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In this March 23, 2011 photo, a cultural group from Cameroon performs for the General Assembly ahead of the International Day of Remembrance of Victims of Slavery and the Transatlantic Slave Trade, observed annually 25 March. Vincentian Prime Minister Dr. Ralph Gonsalves has called for an apology and reparation for slavery. (UN Photo/JC McIlwaine)

NEW YORK, USA – While the United Nations this year pays tribute to anti-slavery fighters, there must also be an apology and reparation for the Atlantic Slave Trade, St. Vincent and the Grenadines’ (SVG) Prime Minister Dr. Ralph Gonsalves said on Saturday.

The U.N. has declared 2011 the International Year for People of African Descent and Gonsalves told the General Debate he was grateful that the U.N. has hosted events to raise awareness of the challenges facing people of African descent and foster discussions on potential solutions to tackle these challenges.

“The people of St. Vincent and the Grenadines have a long and proud history of resistance to slavery, bigotry and genocide, dating back to the heroic resistance of the Garifuna peoples against British aggression in the late 1700s,” Gonsalves said of his multi-island Caribbean nation.

“While we celebrate the noble heroism of the famous and the faceless who resisted racist colonial hegemony, we must continue to confront the legacy of this barbarism and continuing injustice. The wounds of this era are deep, the crimes against humanity are clear, and the necessity for apology and reparations are undeniable,” said Gonsalves, who is of Portuguese descent.

He told world leader that racial discrimination was justified and became itself the justification for a brutal, exploitative and dehumanising system of production that was perfected during the transatlantic slave trade and ingrained over the course of colonial domination.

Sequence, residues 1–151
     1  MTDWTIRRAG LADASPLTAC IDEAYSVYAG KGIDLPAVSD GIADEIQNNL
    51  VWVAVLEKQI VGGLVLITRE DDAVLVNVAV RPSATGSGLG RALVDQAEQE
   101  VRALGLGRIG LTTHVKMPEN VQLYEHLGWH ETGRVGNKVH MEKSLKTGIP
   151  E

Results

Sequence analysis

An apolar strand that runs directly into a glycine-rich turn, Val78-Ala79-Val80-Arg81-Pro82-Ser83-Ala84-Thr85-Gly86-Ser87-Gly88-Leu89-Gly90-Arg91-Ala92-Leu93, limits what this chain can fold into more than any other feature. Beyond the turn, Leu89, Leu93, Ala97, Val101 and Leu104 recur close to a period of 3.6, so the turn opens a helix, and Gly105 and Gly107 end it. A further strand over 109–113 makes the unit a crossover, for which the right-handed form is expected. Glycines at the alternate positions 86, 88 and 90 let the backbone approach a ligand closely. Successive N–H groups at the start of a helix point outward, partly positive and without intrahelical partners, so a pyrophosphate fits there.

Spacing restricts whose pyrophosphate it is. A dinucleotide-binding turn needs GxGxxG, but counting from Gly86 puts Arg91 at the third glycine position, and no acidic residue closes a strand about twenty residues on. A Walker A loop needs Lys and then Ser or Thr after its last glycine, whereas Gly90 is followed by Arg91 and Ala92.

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The structure of the modern world is still “firmly rooted in a past of slavers and colonialist exploitation,” he further said.

“Today, every single country of the world with a population of majority African descent is still trapped in the periphery of our global economic and developmental systems,” Gonsalves noted.

He said that the peoples of African descent “remain disadvantaged, individually and systemically, by this entrenched and unyielding cycle of discrimination.

“Indeed, many of the wars that the UN struggles mightily to quell or avoid

Prime Minister Dr. Ralph Gonsalves (U.N. photo)

are rooted in the ignorant and avaricious cartography of European colonisers,” he further said.

Gonsalves told the U.N. that in the remaining months of this year “we must ramp-up efforts to confront the challenges facing the people of African descent, seek justice for historical and modern wrongs, and celebrate the rich and diverse African culture, in all of its glorious manifestations”.

He further said that discussion about peoples of African Descent this year couldn’t take place without highlighting “the enormous humanitarian challenges facing the peoples of the Horn of Africa and Haiti.

“The East African famine and its attendant refugee and security problems require urgent attention and massive response,” Gonsalves argued.

“We are not a civilized global society if we cannot address and banish the extreme poverty and starvation faced by the people of this region. Similarly, the situation faced by the citizens of our sister state of Haiti remains precarious. Now is the time for the international community to redouble, rather than reduce, the support and assistance given to the government and people of Haiti,” Gonsalves said.

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